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Resonant (NASDAQ:RESN)
Q4 2020 Earnings Call
Mar 15, 2021, 8:30 a.m. ET

Contents:

  • Prepared Remarks
  • Questions and Answers
  • Call Participants

Prepared Remarks:


Operator

Good day, and welcome to Resonant's fourth-quarter and full-year 2020 earnings conference call. Today's conference call is being recorded. At this time, I would like to turn the conference over to Greg Falesnik from the MZ Group, the company's investor relations firm.

Greg Falesnik -- Investor Relations

Thank you, Operator. Please note, we'll be using a presentation during today's call, which is accessible on the events page of Resonant's IR website. If you're with us today via phone, please go to the events page to either view or download the presentation to follow along. Turning to Slide 2.

Earlier this morning, Resonant released financial results for the fourth-quarter and full-year 2020. The earnings release that accompanies this call is available on the investor section of the company's website at www.ir.resonant.com. Additionally, some of the information in this conference call contains forward-looking statements that involve risks, uncertainties, and assumptions that are difficult to predict. Words of expression reflecting optimism, satisfaction with current prospects, as well as words such as belief, intend, expect, plan, and anticipate, and similar variations identify forward-looking statements, but their absence does not mean that the statements are not forward-looking.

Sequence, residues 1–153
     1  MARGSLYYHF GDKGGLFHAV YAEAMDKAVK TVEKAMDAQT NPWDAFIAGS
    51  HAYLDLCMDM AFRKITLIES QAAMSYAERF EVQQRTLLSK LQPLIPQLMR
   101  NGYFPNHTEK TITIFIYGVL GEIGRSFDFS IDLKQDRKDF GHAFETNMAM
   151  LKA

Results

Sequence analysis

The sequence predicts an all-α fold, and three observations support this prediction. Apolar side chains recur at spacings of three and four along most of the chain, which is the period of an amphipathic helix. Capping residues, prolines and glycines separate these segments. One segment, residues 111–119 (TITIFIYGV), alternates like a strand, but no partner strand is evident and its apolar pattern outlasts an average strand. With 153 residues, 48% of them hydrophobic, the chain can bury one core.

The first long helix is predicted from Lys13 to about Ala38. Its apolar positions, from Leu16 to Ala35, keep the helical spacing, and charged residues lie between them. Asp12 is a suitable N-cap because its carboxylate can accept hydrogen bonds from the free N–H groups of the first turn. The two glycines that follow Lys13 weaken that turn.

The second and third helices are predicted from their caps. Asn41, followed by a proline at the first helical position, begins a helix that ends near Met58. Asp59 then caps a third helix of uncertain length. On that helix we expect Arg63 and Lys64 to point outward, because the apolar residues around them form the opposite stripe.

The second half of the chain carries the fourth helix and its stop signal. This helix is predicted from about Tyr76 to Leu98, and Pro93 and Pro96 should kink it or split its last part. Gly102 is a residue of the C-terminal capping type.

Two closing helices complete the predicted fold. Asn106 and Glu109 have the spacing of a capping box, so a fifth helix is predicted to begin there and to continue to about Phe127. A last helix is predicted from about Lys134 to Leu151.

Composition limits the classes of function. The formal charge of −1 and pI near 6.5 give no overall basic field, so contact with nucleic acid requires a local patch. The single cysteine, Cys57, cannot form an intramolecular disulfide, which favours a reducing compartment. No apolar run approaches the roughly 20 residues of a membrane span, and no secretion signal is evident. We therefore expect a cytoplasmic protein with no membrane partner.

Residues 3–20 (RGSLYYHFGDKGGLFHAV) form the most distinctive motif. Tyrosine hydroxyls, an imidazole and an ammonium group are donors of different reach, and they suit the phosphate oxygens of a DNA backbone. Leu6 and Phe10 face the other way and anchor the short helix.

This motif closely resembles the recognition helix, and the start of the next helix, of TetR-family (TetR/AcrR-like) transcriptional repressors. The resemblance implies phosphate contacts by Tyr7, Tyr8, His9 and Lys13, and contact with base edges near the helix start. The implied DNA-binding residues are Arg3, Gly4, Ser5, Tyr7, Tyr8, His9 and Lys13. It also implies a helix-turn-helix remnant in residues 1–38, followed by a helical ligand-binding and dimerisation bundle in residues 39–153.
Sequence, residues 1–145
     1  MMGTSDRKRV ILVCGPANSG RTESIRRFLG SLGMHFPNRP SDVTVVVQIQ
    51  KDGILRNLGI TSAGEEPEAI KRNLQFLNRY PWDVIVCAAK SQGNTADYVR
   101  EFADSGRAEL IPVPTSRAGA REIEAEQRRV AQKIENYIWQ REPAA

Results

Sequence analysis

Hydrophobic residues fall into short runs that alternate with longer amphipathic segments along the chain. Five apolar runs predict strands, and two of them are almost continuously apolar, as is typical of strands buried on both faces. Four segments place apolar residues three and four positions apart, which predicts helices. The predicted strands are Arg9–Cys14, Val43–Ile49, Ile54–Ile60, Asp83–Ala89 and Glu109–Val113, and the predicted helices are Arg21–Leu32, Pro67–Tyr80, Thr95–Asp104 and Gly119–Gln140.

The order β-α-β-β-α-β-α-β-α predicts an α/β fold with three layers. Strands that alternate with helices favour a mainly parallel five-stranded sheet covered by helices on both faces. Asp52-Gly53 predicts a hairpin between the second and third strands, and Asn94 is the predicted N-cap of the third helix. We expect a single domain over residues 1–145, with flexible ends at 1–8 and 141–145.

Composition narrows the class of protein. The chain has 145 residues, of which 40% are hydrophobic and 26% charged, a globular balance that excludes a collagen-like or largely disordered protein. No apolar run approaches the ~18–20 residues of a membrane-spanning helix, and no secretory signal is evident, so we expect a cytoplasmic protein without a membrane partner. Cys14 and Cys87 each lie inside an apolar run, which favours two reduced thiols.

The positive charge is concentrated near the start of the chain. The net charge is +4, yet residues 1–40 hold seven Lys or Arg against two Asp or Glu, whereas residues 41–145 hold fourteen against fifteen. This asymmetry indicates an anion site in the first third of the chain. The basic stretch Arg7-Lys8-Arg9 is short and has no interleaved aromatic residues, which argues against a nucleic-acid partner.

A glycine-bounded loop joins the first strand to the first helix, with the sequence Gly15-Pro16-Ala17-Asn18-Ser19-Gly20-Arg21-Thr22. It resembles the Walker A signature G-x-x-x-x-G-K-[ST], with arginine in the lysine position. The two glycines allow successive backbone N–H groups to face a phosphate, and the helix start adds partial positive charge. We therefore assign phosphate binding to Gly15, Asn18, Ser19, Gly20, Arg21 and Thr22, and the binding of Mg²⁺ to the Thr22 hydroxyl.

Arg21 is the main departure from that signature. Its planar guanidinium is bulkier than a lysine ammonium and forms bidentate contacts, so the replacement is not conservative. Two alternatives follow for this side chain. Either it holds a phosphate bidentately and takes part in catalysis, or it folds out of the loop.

Such forward-looking statements are not a guarantee of performance and the company's actual results could differ materially from those contained in such statements. Several factors that could cause or contribute to such differences are described in detail in Resonant's most recent Form 10-Q and 10-K and subsequent filings with the SEC. These forward-looking statements speak only as of the date of this call and the company undertakes no obligation to publicly update any forward-looking statements or supply new information regarding circumstances after the date of this call. With that, it's my pleasure to turn the call over to the chairman and CEO of Resonant, George Holmes.

George, the floor is yours.

George Holmes -- Chief Executive Officer

Thank you, Greg, and thank you, everyone, for joining us on today's call. I'd like to welcome you to the fourth-quarter and full-year 2020 financial results conference call. Joining me today is Martin McDermut, our CFO; and Dylan Kelly, our COO, who would be joining for the Q&A. Turning to Slide 3.

2020 was a remarkable year for Resonant as the trend toward a connected world continued to accelerate and, therefore, so did the need for effective RF building technologies. For mobile video conferencing and streaming, through emerging applications such as autonomous vehicles and remote surgery, demand for mobile data continues to grow exponentially. Our proprietary technology platform at its core enables the design and manufacturing of wide bandwidth high-frequency RF filters for high-performance networks. As the need for data ramps up in our society, we are proud to be able to continue to play a critical role in delivering a new age of connectivity.